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Story on VOSH doctors in the Providence Journal:

So That Others May See

Reproduced here as a backup.

So that others may see
Three eye doctors donate their time and expertise at a clinic in Nicaragua, where, over a four-day period, they administered about 2,800 eye examinations and distributed about 2,300 pair of eye glasses.



By SUZANNAH GONZALES
Journal Staff Writer

Fatima Calero, a 13-year-old from Nicaragua, had only one eye before she met optometrist Lawrence T. Ginsberg.

While her left eye was healthy and intact, a concave eye lid covered her empty right eye socket. The badly infected eye was removed by a Nicaraguan doctor when she was four-years-old.

``I remember her face perfectly,'' said Ginsberg, who resides in Barrington and works in East Providence. She is pretty, he said, and has long, dark hair. He remembered that her appearance made her sullen and introverted.

But now, she is smiling, thanks to Ginsberg who donated $150 to pay for a prosthetic eye.

Calero is one of nearly 3,000 patients who received free eye and medical treatment in Nicaragua during the third week of January, when 60 eye and medical doctors, nurses, optometry students from State University of New York, and translators traveled to Nicaragua.

The group was on a mission organized by the Northeast chapter of VOSH (Volunteer Optometric Services to Humanity), a national organization of optometrists and others dedicated to providing vision care to people who are not able to afford or obtain it.

They set up a clinic in a school next to the central square of La Concepcion, Nicaragua, known to locals as La Concha.

About forty miles from the capital city of Managua, the clinic consisted of a registration area and ten rooms for pre-testing, eye exams, an eyeglass dispensary, medical exams and a pharmacy.

Approximately, the group gave 2,800 eye exams, distributed 2,300 pairs of glasses and 14 wheelchairs, conducted 1,000 general medical exams, dispensed $10,000 worth of medication, and performed 20 cataract surgeries during a four day period.

The doctors brought their own supplies and medication, and each paid for their airfare and lodging.

Hundreds of young and old Nicaraguans waited in line on each of the four days to see the doctors from 8:30 a.m. to about 5:30 p.m. Some arrived at the clinic at 1 or 2 a.m. to wait in line while others waited for half the day in the sun to receive treatment.

To thank the doctors, some of the patients gave letters, fruit and handmade candy. Ginsberg remembered one woman who blessed him in Spanish throughout her exam.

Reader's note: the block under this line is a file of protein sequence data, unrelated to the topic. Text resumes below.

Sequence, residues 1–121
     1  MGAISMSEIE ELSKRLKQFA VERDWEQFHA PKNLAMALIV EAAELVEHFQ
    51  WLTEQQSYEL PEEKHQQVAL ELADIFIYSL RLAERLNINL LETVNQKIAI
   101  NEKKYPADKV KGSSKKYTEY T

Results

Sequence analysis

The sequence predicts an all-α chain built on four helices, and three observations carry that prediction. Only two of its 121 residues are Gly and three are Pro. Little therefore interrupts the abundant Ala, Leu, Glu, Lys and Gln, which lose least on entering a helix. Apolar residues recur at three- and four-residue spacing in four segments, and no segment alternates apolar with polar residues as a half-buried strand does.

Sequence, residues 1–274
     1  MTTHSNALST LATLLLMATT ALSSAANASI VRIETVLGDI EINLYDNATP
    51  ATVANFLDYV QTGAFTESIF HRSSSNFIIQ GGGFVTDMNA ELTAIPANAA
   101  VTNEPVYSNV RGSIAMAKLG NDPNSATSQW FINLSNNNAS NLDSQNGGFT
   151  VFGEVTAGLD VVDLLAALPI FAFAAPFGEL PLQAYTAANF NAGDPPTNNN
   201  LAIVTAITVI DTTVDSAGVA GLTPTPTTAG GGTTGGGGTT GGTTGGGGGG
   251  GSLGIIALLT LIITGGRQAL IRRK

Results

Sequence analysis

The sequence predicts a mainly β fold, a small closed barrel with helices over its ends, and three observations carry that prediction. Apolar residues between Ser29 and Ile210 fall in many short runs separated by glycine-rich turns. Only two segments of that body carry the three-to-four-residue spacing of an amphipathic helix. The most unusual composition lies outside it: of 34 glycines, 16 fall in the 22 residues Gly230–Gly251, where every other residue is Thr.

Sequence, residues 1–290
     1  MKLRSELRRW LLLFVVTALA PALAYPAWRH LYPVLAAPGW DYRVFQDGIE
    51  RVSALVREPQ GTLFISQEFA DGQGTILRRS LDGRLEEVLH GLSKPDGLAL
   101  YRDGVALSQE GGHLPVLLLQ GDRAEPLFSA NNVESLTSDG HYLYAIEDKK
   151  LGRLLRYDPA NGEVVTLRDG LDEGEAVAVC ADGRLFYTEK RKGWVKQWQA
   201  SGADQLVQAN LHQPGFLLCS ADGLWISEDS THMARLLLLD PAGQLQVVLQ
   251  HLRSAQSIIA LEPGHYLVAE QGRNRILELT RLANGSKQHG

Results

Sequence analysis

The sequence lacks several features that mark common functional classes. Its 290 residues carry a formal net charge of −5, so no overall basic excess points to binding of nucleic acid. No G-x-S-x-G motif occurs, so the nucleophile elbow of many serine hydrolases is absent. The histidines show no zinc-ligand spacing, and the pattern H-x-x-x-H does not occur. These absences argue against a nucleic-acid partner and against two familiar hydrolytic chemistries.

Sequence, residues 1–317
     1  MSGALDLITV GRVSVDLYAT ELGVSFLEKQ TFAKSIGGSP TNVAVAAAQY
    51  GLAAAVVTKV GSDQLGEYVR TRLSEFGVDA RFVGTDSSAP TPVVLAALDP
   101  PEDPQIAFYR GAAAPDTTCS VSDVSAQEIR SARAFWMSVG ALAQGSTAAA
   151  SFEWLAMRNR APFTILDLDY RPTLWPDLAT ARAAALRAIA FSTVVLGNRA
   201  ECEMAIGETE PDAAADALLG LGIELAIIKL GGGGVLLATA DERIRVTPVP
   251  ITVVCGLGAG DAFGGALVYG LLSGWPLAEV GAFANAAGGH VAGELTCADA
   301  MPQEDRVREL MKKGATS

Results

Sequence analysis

``These people were just really appreciative of us being there,'' he said. ``Virtually none of them had eye exams in their life.''

According to Northeast VOSH chairman Carl Sakovits, an optometrist who works in Bristol and lives in Jamestown, glasses, eye surgery and treatment for eye diseases are not available to the general population in Nicaragua, a Central American country that has suffered natural disasters, such as Hurricane Mitch in 1998, and a declining economy.

Nicaraguans are very limited in terms of medicine and the country lacks basic medical equipment. The medical specialists that do exist tend to treat the wealthy, Sakovitssaid.

For Ginsberg, his first trip to Nicaragua was a life-change experience and the highlight of his professional career. ``Where we live, what we have, it's easy to take for granted,'' he said.

First-timer Stephen Grimes, of Portsmouth, returned to Rhode Island with similar reflections. ``It was the most rewarding experience of my professional career -- bar none,'' Grimes said. ``I'll definitely go back -- in a heartbeat.''

Grimes, who works in Middletown, performed 20 cataract surgeries during the trip in the only hospital in Masaya, Nicaragua, located about 30 minutes from the clinic.

He used a technique that he has not used since the 80s due to the lack of technological resources in Nicaragua. While in the U.S. technology allows Grimes to make a smaller incision and avoid using stitches, he made bigger incisions in Nicaragua and used five to eight stitches.

``Everyone I saw was pretty desperate,'' said Grimes, who traveled to Nicaragua with his son, Matthew Grimes, 23. ``It did make me appreciate what I've got here, personally and professionally.''

For Sakovits, this past trip was his 13th VOSH mission and third to Nicaragua. A Jamestown resident and Bristol eye doctor, Sakovits took his first trip in 1987, when he was a third-year optometry student at the State University of New York.

``It's very much enhanced my life. It's become part of my life. It's become central to my well-being. Not only do we give a lot, but we get a lot,'' Sakovits said. ``I guess you can say it's becoming an addiction, but it's a very satisfying one.''

``The long and short of it is you get this group of people together and miracles happen,'' he said.

Ginsberg, Grimes and Sakovits were three of 19 Rhode Islanders on the trip. The others that traveled to Nicaragua were Peter Eudenbach and Harry Eudenbach of Newport; Jessica Andreozzi, Rocco Andreozzi, Joe England, Maryann England, Sarah England, James Donnely, Diane Forest, Geherly Gomez, Ed Greenan, Susan Seidler, William W. Smith III, Rosita Smith-Viduarre, and Eileen Tiexiera of Jamestown; and Diane Brown-King of Smithfield.

Copyright © 2000 The Providence Journal Company
Produced by www.projo.com

 

 

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